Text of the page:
Coronal views may need to be reformatted from axial scans if a patient has extensive dental fillings, is anesthetized, or cannot extend the neck sufficiently for direct coronal scanning. The resolution on these images can be improved if data are collected from 1.5-mm contiguous axial slides.6 Spiral CT has resulted in improved multiplanar reformation with thin section (1 to 1.5 mm) axial images. High-resolution images necessary for leukocoria or foreign body imaging are obtained with 1-mm axial slices at 1:1 pitch at 1-mm intervals. Ideally, most screening orbit studies are performed at 3-mm direct axial and direct coronal images.
After the orbit has been visualized adequately, it also has been our practice to obtain 10-mm axial slices through the remaining portion of the head to complete the study. Intravenous contrast material usually is given, although the low-density orbital fat produces an inherent high level of contrast for most orbital CT studies. Intravenous administration of iodinated contrast medium is most helpful in detecting intracranial extension of an orbital process or identifying a pathologic process involving the optic nerve/sheath, most notably optic nerve sheath meningioma. Specific contraindications for contrast material include allergy or renal failure.
If a patient with severe Graves' orbitopathy, in whom the diagnosis is not in question, requires orbital CT scanning, it generally is performed without intravenous contrast.8 The administered iodine load would interfere with therapy directed at the thyroid gland and generally is not necessary to evaluate muscle enlargement or other features of Graves' orbitopathy.
For proper interpretation, it is not necessary to understand all of the technical aspects of CT scanning, just as it is not necessary to completely understand the inner workings of a personal computer to benefit from it. Familiarity with certain terms and concepts, however, facilitates a more fundamental appreciation for some of the limits of CT scanning.
The CT image consists of a matrix (or grid) of small squares known as pixels. Resolution is increased by increasing the numbers of pixels that are used to create the image. Total pixel number is limited by image contrast necessary to differentiate the various tissue densities in the image. A higher numbered matrix is composed of smaller pixels. A voxel is the 3D counterpart that includes the added dimension of slice thickness.
By altering window setting and level of attenuation on the console, subtle differences in tissuecomposition or bone changes can be appreciated.Window setting refers to the amount of the pixel sampling used by the computer to determine image contrast. Level refers to the scale of density used by the computer to create the image. Both the window setting and level of attenuation are extremely important, for example, when evaluating lesions in the fossa of the lacrimal gland, when the surrounding bone must be examined carefully for either pressure thinning or tumor erosion.
The display console also has the ability to move a cursor to any area on the screen. The computer can then examine this area to determine its den-sity. By convention, these density units are calledHounsfield units. Air and fat have the lowest values, whereas bone has the highest.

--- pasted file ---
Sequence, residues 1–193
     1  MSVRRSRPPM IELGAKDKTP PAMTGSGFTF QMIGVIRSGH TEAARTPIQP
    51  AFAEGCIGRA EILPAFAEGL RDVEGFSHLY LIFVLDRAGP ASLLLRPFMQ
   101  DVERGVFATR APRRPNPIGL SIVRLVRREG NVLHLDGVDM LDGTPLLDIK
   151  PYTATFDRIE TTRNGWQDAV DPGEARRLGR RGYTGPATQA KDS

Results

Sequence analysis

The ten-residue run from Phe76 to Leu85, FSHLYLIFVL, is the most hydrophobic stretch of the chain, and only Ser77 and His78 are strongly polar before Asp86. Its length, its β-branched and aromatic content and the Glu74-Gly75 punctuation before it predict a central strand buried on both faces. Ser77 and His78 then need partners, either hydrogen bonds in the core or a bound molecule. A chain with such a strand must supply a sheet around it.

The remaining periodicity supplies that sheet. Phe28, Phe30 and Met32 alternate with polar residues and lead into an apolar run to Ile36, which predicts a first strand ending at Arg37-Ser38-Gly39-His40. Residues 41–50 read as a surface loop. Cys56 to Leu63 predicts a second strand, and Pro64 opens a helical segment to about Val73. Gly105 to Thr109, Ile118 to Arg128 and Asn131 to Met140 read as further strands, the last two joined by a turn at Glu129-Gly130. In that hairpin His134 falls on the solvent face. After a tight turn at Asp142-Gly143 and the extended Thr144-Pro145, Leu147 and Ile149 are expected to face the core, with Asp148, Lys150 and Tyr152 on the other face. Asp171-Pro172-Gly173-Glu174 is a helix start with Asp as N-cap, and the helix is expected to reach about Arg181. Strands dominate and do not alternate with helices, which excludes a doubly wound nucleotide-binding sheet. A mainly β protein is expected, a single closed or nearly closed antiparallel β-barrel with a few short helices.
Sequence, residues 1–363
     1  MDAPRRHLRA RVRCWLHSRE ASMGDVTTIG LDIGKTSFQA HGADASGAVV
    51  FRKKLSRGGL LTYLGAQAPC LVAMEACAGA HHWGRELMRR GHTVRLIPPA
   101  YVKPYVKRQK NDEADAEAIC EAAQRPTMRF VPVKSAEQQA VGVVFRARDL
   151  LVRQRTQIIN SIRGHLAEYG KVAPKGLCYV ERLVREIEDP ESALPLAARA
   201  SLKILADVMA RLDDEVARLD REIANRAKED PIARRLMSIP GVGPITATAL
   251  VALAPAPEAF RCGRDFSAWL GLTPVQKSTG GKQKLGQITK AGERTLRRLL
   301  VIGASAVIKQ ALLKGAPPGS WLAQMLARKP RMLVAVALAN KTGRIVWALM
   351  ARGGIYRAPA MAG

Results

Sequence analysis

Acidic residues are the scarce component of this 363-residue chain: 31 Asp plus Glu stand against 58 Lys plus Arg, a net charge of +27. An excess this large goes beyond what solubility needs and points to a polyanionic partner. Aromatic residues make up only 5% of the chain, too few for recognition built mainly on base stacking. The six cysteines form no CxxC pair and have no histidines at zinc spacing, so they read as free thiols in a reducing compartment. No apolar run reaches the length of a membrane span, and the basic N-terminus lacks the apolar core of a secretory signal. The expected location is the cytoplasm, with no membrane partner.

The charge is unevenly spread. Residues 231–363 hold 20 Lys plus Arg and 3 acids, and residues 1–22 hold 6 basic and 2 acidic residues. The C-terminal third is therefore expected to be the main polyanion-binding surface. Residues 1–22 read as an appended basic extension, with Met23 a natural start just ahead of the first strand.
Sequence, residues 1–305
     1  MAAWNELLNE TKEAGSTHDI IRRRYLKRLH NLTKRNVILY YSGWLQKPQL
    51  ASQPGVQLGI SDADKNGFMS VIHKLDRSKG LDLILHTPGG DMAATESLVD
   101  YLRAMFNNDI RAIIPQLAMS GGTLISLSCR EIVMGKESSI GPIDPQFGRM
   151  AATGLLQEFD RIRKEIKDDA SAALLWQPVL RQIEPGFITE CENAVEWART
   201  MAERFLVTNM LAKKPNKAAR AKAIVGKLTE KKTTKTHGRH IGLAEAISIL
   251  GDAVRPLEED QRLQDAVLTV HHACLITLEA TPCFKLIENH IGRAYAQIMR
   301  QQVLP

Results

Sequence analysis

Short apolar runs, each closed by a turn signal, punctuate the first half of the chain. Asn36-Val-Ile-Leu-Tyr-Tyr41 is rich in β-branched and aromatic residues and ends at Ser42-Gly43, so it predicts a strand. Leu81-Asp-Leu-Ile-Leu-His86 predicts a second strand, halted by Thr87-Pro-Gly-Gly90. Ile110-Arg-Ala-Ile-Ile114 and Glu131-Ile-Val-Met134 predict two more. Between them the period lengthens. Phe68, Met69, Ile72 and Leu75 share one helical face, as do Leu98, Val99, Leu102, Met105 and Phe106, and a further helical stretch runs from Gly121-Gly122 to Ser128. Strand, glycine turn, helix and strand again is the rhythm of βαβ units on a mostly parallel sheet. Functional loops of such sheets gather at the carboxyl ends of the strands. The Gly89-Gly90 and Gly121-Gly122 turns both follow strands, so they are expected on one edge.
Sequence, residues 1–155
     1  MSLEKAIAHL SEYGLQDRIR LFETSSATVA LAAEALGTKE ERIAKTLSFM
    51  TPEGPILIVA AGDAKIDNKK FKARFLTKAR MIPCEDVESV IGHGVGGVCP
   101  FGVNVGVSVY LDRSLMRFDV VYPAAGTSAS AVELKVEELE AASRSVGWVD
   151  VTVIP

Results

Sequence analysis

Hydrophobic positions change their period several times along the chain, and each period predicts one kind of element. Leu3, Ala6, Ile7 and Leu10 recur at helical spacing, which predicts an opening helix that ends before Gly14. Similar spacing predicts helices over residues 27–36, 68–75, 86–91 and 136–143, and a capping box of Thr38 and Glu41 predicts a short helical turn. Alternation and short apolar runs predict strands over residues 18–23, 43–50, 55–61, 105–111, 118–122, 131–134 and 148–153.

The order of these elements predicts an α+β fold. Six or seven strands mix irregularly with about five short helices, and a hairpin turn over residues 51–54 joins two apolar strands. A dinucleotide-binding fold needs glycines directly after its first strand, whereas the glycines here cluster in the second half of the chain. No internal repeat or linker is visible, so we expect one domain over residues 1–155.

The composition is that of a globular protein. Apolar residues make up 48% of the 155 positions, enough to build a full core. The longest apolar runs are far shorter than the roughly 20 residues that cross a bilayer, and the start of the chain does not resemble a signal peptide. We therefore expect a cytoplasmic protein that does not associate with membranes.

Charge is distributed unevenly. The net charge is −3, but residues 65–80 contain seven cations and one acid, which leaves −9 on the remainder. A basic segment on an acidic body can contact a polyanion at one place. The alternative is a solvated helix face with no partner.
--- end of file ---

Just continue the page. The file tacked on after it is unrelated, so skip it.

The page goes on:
An appreciation for the various pathologic processes that affect the orbit is facilitated by an understanding of the normal orbital anatomy (Fig. 1). The orbit is a pyramid-shaped bony structure bounded inferiorly by the maxillary sinus, medially by the ethmoidal sinus, and superiorly by the frontal sinus. The sphenoidal sinus is situated posteriorly along the medial orbital wall and has a common wall with the optic canal. The lacrimal gland lies within its fossa located in the superior temporal aspect of the orbit and can be seen on both axial and coronal views.
The extraocular muscles (EOMs), with the exception of the inferior oblique, originate from the anulus of Zinn in the orbital apex. The inferior oblique takes its origin from the frontal process of the maxilla and is seen occasionally on CT imaging. The superior oblique, after originating from the anulus, courses along the superior nasal orbital wall just above the medial rectus muscle before passing through the trochlea. The rectus muscles conveniently form a muscle cone, which is sometimes helpful in terms of differential diagnosis. Before thinner axial slices and multiplanar imaging were available, an enlarged inferior rectus muscle often was imaged as an apical mass, especially if dysthy-roid optic neuropathy was present. The importance of imaging from two different planes cannot be overemphasized in this situation.
The superior ophthalmic vein (SOV) is an important vascular structure to recognize. It begins in the superior nasal quadrant near the trochlea before coursing posteriorly and laterally beneath the superior rectus muscle, exiting the orbit through the superior orbital fissure. Drainage is into the cavernous sinus. Asymmetric enlargement, especially in the presence of an ipsilateral cavernous sinus enlargement, suggests a vascular anomaly, which may require selective carotid angiography for further definition. Enlargement of one or multiple EOMs in this setting is likely. The SOV also may be enlarged as a result of any process impeding drainage from the orbital apex, such as dysthyroid orbitopathy or metastatic disease.